All of that to say this..... the past couple of days were a little shaky for me.  Sunday, I decided to run only 5 miles.  Then Monday, I trekked through a 12 mile snowy trail at the Forest.  My foot was hurting and my calf muscle was nagging me.  I didn't know what to do, so I stopped.  I took a 15 minute break because the pain in my foot was a strange sharp feeling that was new to me.In the past I would keep going and probably end up with some sort of injury.  This time, I stopped, untied my shoes and laid down on the trail and just waited.  It felt so good.  After a little rest and worry, I got up and finished my run gracefully without a single hint of pain.  Yesterday, it felt like my 15 mile race had just ended, this could have been because it was sleeting and snowing with wind directly in my face, but nonetheless, I was tired and slow.  Once again, I took it easy and cut back the miles.  I know my body better than I ever have and no longer fret over not getting the desired amount of miles.  It is time to be..... smart.

Something always happens though.  I get rejuvenated.  I feel refreshed.  A sense of clarity!  What is it exactly, that makes me keep going on to that next day?  Is it the sense that tomorrow will be better?  Is this my escape from society?  Am I channeling into my future?  Or am I just nuts!?  Todays run was that run that got me up again.  I have a renewed strength and awareness of my running.  I am looking forward to tomorrow, the next workout, my next race, and the next trail run.  Cross country season is just 5 and a half months away and I am ready to go out with a beautiful senior year!  I could go on and on about what I am looking forward too, but I will enjoy most the feeling of Running Free.

It is hard to believe that this blog was inspired by my watch.  It is nothing special, just an old Nike 50 Lap watch that was purchased in 2006.  It is almost 4 years old, 3 years older than the life expectancy of friends' same Nike watch.   It has been through a lot, hundred of runs, some races here and there, 10 degree runs, 100 degree runs, rain, and snow.  It has been with me to a great hiking trip to the Smokies, Nationals in WA, and survived a horrible fall last summer.  The band has broke four times, now being held together by four layers of super glue.  The split function makes my watch turn into the alphabet, and it is dirtier will continue.  Thank you trusty watch.


Monday, February 8, 2010

Miles of Trials / Trials of Miles; LLTH

The past weekend proved to be a good one, as I knew it would. Anytime I am with two good friends, Keegan Rathkamp and Reece Brown, for a weekend in Louisville to run a race, it will be a great time. We left Ohio Friday night to run Louisville's Lovin' The Hills trail race the next morning. That night we stayed at a hotel and prepared our stuff for the race.

The race started promptly at 8 am. The weather was great, about 3" of snow on the trails and everything was white! Much like Frozen Sasquatch, I knew the run was going to be wet and slick. Knowing this now, I wish I would of had some shoes with a little more tread. My NB 790's just do not cut it in the snow! Though, I love these shoes and will continue to wear them on dryer courses. Reece was late to the starting line, the race did not wait for him, so it was just me up front. If anyone was going to try and lead this race, they were going to have to outrun me down the first big hill. It would have been nice to have Reece up there with me though.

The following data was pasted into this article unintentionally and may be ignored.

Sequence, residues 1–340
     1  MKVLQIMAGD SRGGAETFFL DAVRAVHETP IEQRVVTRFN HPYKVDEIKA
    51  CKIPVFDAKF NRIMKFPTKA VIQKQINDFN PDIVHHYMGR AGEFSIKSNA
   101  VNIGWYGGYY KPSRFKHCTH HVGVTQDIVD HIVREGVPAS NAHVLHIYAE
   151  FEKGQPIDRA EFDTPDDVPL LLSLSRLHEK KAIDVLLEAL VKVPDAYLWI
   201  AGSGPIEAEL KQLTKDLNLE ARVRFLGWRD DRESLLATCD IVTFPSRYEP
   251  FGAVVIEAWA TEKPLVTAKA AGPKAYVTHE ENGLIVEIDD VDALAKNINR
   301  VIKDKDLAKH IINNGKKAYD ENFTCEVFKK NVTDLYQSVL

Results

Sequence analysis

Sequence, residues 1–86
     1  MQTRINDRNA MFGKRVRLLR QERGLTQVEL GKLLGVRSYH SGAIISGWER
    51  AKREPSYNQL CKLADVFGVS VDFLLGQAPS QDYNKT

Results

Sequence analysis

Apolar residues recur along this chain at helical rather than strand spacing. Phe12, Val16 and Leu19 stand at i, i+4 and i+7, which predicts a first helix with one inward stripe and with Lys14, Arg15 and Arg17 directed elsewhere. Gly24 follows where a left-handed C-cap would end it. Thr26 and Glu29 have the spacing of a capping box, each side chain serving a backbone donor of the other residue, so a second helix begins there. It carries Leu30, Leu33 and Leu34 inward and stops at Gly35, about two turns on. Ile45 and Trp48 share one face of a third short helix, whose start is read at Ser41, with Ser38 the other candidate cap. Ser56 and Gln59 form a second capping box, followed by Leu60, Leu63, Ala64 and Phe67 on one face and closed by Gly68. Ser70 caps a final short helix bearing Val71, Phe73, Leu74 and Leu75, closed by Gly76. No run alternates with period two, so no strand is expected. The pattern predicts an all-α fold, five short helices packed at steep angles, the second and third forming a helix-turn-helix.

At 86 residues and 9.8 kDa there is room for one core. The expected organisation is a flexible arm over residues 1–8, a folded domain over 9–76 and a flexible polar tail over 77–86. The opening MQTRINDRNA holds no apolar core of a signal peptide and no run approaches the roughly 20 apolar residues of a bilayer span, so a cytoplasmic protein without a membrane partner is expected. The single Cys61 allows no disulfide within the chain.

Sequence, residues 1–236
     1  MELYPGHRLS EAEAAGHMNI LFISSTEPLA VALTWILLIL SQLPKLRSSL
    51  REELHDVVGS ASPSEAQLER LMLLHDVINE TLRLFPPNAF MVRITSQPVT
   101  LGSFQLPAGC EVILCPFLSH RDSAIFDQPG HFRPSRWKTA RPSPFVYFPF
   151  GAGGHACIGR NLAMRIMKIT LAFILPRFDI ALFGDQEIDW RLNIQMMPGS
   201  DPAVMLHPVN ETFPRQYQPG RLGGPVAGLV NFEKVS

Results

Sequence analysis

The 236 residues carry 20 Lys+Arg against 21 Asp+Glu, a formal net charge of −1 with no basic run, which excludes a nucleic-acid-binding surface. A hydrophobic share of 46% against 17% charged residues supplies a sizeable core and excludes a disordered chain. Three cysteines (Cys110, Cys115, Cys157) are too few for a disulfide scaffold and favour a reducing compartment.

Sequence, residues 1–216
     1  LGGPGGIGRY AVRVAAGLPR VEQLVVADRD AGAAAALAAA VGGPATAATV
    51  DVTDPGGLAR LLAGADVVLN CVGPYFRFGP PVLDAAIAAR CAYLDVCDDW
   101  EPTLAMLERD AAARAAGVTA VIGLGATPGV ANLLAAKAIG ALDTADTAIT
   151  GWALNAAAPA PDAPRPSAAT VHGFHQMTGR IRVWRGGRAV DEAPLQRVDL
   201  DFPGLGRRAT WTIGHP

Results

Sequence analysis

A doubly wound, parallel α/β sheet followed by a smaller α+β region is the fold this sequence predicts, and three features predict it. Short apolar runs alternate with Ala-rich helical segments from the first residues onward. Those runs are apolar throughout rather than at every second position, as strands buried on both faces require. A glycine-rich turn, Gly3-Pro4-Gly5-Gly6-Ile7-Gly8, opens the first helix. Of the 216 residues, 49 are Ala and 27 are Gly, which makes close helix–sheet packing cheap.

So, this is how it was primarily for the entire race. Besides some hikers footprints for the first 5 miles, I was making fresh tracks! I had no clue who was behind me or how far anyone was behind me. Later I learned that the two people closest to me were Keegan and Reece. I wouldn't have it any other way. I pressed hard on the first loop and was keeping a nice pace. One of the race volunteers told me I was at 6.5 miles and my watch said 49 minutes. So, at that time I was pretty close to 7:30 pace and well on my way to a sub 2 hour run. The hills of Louisville had other plans though.

Around 7 miles I had to use the restroom, well, there were no restrooms! So, at around 59 minutes, I peeled off the trail and did my thing. This was the only time I came to a dead stop during the race and I think it played with my mind a little. I didn't want to stop. I was in a nice rhythm, continuing to keep my solid pace, then I had to stop all of that. But, this is something every trail runner will come across in a race sooner or later. It can be avoided with proper nutrition and a better understanding of my body, but nonetheless it is a realization that I came across around the halfway point. I started back up and tried to get back in the flow of things.

I did not get back into my same rhythm. Miles 7-11 were not very good. The hills in the first 7 miles caught up to me and told me that running 7:30 pace on the big boys meant running 9 minute pace on the short steep hills in the middle section of the race, or maybe even 10 minute pace. The snow caused a few "spin-outs" and slowed me down on the downhills. I definitely did not want to tumble over a steep hill at that point. Was I going to finish this race going 10 minute pace?